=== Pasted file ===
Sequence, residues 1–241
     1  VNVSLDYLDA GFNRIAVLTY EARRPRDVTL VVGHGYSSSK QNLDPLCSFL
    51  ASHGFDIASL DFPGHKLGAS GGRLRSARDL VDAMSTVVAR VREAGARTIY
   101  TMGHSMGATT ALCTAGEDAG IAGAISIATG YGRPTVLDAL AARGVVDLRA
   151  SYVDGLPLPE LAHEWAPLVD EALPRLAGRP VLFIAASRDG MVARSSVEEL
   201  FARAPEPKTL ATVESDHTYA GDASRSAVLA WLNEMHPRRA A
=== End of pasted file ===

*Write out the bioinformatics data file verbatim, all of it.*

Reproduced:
Sequence, residues 1–241
     1  VNVSLDYLDA GFNRIAVLTY EARRPRDVTL VVGHGYSSSK QNLDPLCSFL
    51  ASHGFDIASL DFPGHKLGAS GGRLRSARDL VDAMSTVVAR VREAGARTIY
   101  TMGHSMGATT ALCTAGEDAG IAGAISIATG YGRPTVLDAL AARGVVDLRA
   151  SYVDGLPLPE LAHEWAPLVD EALPRLAGRP VLFIAASRDG MVARSSVEEL
   201  FARAPEPKTL ATVESDHTYA GDASRSAVLA WLNEMHPRRA A